Name: Haunted Mansion
Developer: High Voltage Software, Inc.
Publisher: TDK Mediactive, Inc. / Disney Interactive
Released on: GameCube (Reviews), PlayStation 2, Xbox
Original Release Date: 2003
Welcome, foolish mortals, to my review of Disney’s Haunted Mansion. I am your host, your ghost host. Kindly step in and make room for everyone. Your cadaverous pallor betrays an aura of foreboding, almost as though you sense a disquieting metamorphosis. Is this haunted studio actually stretching, or is it your imagination?
Consider this dismaying observation: this YouTube video has no windows and no doors… which offers you this chilling challenge: to find a way out! (Laughs.)
Of course, there’s always my way. You could watch this video to the very end and find out if this video game based on the classic Disney theme park ride, is a worthy endeavour for your Halloween gaming.
Disney’s Haunted Mansion ride is probably one of my favourite Disney attractions. When I go to Disney World, I probably go on it at least twice every day I’m at the Magic Kingdom, and I find that its slow pace is perfect for someone like me who hates rides that are too fast or too high. Its thrills are entirely based around the simple practical and optical effects that are used to trick your senses into believing that ghostly things are happening, from the busts that appear to be looking at you no matter where you are, to the ballroom dancing ghosts that appear in front of your eyes. It’s a real feat of ride design, and every aspect from its queue to its exit, immerses you into this chilling, atmospheric ride, meeting the 999 happy haunts that inhabit the mansion, along the way.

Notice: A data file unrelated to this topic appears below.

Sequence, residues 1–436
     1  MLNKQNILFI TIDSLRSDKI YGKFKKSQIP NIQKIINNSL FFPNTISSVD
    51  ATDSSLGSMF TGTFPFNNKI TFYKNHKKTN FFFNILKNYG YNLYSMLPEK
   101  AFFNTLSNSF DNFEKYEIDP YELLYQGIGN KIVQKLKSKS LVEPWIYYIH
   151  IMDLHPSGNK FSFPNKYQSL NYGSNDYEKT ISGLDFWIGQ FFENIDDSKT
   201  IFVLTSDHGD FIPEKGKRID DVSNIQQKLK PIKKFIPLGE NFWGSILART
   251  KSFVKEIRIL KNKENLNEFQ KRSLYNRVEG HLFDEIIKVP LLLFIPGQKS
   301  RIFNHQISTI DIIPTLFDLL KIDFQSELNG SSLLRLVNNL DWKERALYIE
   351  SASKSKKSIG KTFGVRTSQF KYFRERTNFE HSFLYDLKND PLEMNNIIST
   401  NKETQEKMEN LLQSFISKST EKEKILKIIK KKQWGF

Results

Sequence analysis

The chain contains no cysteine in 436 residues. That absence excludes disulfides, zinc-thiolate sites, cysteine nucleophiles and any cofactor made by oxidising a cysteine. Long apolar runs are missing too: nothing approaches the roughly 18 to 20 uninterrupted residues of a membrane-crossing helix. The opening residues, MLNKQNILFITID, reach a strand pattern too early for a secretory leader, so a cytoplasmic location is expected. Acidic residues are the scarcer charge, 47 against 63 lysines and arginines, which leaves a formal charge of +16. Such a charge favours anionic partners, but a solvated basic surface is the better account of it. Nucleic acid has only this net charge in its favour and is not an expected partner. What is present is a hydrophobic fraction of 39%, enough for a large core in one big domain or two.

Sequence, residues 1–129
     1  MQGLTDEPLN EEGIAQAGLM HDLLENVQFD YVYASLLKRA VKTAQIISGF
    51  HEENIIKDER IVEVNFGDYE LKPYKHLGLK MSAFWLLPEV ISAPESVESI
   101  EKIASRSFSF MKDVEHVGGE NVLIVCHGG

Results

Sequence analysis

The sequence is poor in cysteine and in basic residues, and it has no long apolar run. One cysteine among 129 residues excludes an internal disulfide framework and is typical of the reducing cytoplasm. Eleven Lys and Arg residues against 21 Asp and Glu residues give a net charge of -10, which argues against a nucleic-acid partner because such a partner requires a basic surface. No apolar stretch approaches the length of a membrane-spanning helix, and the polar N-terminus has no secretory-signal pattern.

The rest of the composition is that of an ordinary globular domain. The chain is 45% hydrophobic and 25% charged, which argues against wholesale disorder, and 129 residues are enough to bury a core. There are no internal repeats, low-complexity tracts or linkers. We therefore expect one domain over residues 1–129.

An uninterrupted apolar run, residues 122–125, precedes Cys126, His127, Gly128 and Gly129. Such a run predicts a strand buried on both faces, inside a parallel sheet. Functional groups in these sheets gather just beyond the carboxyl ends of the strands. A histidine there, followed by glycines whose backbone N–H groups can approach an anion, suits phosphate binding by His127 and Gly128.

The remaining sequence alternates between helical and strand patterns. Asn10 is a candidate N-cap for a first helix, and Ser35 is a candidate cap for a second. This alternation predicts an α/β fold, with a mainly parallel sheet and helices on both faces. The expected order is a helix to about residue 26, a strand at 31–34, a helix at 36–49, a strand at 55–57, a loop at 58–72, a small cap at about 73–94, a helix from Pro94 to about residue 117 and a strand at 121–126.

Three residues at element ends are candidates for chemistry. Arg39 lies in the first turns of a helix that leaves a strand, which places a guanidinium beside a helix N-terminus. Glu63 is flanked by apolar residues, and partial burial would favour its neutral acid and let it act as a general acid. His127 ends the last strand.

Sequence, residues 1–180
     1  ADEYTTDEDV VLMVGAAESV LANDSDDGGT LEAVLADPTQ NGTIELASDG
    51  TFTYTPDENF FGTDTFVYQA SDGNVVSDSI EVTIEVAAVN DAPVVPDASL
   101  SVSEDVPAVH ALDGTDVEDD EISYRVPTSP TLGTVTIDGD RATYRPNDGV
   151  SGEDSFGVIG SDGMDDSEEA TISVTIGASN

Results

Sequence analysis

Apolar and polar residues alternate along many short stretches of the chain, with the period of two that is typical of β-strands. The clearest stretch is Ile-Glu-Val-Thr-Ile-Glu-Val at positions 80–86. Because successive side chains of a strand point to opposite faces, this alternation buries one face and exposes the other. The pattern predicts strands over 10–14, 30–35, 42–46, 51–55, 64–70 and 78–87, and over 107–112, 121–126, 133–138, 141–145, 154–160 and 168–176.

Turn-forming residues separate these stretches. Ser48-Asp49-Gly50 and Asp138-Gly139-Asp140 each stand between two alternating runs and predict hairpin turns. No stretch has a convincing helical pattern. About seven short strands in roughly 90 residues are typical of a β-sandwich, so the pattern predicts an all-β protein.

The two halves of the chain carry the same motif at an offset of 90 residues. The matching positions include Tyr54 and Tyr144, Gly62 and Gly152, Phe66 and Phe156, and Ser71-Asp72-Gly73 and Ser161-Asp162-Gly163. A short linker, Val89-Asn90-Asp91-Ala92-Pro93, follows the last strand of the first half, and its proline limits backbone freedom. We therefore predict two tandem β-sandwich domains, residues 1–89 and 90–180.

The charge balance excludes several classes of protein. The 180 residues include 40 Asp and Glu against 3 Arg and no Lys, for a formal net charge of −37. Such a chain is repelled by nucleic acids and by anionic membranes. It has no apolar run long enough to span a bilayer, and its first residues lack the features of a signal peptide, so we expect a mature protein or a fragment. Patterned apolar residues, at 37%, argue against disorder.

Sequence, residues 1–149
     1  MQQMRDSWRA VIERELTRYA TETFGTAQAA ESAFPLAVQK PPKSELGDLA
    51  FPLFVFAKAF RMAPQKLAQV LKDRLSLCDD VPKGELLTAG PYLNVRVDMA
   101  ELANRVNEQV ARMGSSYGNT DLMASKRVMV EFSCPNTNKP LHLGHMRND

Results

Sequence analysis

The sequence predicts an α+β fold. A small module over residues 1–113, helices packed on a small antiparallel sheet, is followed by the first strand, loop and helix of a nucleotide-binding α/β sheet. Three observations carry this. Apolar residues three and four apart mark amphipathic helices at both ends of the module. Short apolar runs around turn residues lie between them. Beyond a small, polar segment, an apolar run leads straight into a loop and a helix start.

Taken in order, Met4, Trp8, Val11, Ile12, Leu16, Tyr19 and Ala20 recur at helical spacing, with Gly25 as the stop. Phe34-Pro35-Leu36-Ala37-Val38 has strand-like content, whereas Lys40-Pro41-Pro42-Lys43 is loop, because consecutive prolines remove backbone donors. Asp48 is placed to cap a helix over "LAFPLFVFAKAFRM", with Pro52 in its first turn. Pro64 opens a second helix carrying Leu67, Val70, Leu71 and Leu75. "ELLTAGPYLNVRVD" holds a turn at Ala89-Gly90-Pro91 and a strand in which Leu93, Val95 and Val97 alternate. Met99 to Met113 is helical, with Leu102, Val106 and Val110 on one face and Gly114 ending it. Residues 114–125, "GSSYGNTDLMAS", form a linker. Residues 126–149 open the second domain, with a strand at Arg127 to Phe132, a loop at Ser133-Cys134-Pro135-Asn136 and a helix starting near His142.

And in 2003, the same year that Pirates of the Caribbean made the jump from Disney attraction to movie, so did the Haunted Mansion and although this Eddie Murphy-starring flick failed to catch the imagination of moviegoers, it did sort of spawn this very game soon after – Thankfully based more on the ride than the movie itself.
Here, we have an action-puzzle game, almost like a Resident Evil-lite, although I’d say that despite the family-friendly license, it’s not totally aimed at kids, either. It’s the late 19th century, and our hero, Zeke, takes a job at the Haunted Mansion as its caretaker, completely unaware of the battle taking place within, that threatens to harm both the afterlife and the land of the living. With the help of the spirit of Madame Leota and the other ghostly residents of the mansion, the entire game’s aim is to clear the more malevolent spirits from each the building’s 27 rooms, switching on the lights in each one and retrieving the 999 souls that are trapped in our mortal world. These rooms are locked, requiring the collection of a certain number of souls before it can be opened.
Most rooms have their own unique puzzle to solve, these are the meat and veg of Haunted Mansion’s gameplay, and while most of these challenges aren’t terribly taxing on the brain, there are some pretty clever and fun teasers that rely on both your skill and your smarts. One room might shrink you down to size on a pool table and expect you to dodge the cue ball while tricking the phantom player into potting the regular balls. In a task inspired by the Haunted Mansion ride itself, you’ll even need to track down the haunted singing busts for a good old sing song, only talking to those with actual singing talent, and avoiding those who are unwilling or completely out of tune. While in some rooms it might not be clear what is required, by pressing any direction on the Dpad, you can call on Madame Leota, who will share a somewhat cryptic riddle that acts as a hint to help you figure out what to do.